From Washington Post
By Kim Kelly, June 4, 2020
As protests continue to sweep the nation, a narrative has emerged blaming alleged “anarchists” for stirring the pot. They are, the story goes, materializing out of nowhere to sow chaos, put marginalized people at risk and generally make more peaceful protesters look bad. On June 1, President Trump retweeted a video implying that a man who later explained that he was helping other protesters buy medical supplies was instead paying them to incite violence. In his tweet, Trump added, “Anarchists, we see you!” After surveying damage to city property, Dallas County Commissioner John Wiley Price declared, “It’s not protest, it’s anarchy.” The next day, Post opinions contributor Helaine Olen wrote that Trump is “the real anarchist.” Her only basis for making this claim appeared to be the common use of “anarchy” as a flawed synonym for “chaos.”
This reflexive tic to associate anarchism with thoughtless discord betrays a profound ignorance of leftist ideology. The problem is that no one seems to understand what anarchism is or what its adherents are seeking to accomplish — and that lack of understanding is going to end up endangering a lot of people. We’re rapidly approaching a point in which dissent is further criminalized, the justified rage and pain fueling these protests is further delegitimized, and anyone who engages in any form of protest outside the preapproved liberal template becomes a target for surveillance, or worse. On June 3, with zero evidence backing its claim, the White House Twitter account trumpeted: “Antifa and professional anarchists are invading our communities, staging bricks and weapons to instigate violence. These are acts of domestic terror.” At least one of the supposed weapons caches appears to have been part of a security barricade in front of a Jewish community center.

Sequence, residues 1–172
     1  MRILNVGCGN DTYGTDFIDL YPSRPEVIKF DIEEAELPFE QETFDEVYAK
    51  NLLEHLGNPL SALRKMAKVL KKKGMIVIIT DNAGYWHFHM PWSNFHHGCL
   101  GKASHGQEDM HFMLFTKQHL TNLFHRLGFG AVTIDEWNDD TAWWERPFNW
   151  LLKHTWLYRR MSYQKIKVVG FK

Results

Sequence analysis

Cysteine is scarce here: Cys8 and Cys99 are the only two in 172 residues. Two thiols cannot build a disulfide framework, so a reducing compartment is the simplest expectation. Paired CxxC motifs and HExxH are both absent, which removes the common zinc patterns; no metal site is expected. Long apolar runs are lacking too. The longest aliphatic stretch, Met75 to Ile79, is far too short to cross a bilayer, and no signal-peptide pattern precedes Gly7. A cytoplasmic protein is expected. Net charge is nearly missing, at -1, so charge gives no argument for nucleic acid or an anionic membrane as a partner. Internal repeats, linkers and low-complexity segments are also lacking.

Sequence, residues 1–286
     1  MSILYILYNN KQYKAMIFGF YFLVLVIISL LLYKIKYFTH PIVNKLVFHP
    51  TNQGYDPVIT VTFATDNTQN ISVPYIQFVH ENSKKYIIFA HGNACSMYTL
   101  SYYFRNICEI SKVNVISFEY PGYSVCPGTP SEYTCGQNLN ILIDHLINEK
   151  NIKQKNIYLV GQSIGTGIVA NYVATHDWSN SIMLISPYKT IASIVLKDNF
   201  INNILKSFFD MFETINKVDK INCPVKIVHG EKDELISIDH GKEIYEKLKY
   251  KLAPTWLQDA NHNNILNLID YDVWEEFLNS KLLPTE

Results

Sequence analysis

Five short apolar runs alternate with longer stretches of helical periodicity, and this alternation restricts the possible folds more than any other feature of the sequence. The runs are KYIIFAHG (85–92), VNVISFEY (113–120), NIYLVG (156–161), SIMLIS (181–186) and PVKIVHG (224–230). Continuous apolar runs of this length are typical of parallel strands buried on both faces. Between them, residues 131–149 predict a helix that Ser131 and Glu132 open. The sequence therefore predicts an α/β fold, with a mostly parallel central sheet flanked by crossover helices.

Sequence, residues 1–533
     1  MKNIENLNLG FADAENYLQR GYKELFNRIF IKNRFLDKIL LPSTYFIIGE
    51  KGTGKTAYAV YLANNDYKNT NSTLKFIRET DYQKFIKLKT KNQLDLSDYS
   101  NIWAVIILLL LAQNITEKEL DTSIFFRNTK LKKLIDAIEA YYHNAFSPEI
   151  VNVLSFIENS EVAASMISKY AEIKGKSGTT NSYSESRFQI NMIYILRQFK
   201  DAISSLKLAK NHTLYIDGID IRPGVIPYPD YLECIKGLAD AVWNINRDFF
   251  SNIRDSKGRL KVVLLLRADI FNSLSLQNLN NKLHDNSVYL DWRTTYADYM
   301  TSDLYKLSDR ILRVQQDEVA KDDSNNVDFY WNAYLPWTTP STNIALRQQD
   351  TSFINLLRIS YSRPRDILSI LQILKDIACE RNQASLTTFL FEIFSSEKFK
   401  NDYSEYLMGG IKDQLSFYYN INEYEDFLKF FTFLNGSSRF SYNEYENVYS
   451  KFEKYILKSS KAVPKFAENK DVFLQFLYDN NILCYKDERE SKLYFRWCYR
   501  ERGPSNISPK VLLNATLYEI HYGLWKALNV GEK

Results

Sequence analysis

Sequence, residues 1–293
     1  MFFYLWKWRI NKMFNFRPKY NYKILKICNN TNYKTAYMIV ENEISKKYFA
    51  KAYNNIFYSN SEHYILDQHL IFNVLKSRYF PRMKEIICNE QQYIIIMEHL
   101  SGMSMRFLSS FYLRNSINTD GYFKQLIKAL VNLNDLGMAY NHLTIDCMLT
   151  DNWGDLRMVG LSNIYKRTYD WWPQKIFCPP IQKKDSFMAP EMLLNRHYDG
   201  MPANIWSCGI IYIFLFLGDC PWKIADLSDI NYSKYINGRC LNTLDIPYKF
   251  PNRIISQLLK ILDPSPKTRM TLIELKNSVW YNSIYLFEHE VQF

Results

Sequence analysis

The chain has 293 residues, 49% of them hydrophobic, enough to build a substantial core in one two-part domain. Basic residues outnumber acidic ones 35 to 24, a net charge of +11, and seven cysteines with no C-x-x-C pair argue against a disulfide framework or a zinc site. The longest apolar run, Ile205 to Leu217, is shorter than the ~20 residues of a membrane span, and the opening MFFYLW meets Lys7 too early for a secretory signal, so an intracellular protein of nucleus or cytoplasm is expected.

Are there anarchists out there in the streets standing in solidarity with Black Lives Matter and against the brutality of the police? Absolutely. Is every single one of them conducting themselves in a manner that all would consider “peaceful?” Perhaps not. But there is no nefarious anarchist plot to intentionally place black protesters or other vulnerable people in harm’s way. In fact, to do so would be anathema to anarchism itself. The black anarchists and anarchists of color who have been erased by this narrative have also been clear about their own views on the situation. As William C. Anderson, co-author of “As Black as Resistance: Finding the Conditions for Liberation,” noted on Twitter, “Focus anger and frustration on the people in power doing the killing and the oppressing. Don’t believe all this nonsense about anarchists, especially if you don’t even know what anarchism actually is.”
So what is anarchism? As I’ve explained before, it is a radical, revolutionary leftist political ideology that advocates for the abolition of government and all other unequal systems of power in favor of a society organized around direct democracy and voluntary association. Though it encompasses many schools of thought, most anarchists are committed to a basic set of beliefs. Key anarchist principles include mutual aid (a reciprocal approach to community care in which people share resources), direct action (the use of political protest to achieve a goal) and horizontalism (a non-hierarchical organizational system in which decisions are made by consensus). Anarchists advocate for abolishing institutions such as prisons, police and the military, which they hold to be inherently oppressive. Anarchists are by definition anti-capitalist, anti-racist, and directly opposed to all other forms of bigotry and oppression. They are anti-fascist (though not all anti-fascists are anarchists!), which opens up another potential avenue for repression now that the president has fixated on antifascists, or “antifa,” and law enforcement has continued to surveil and target leftist activists.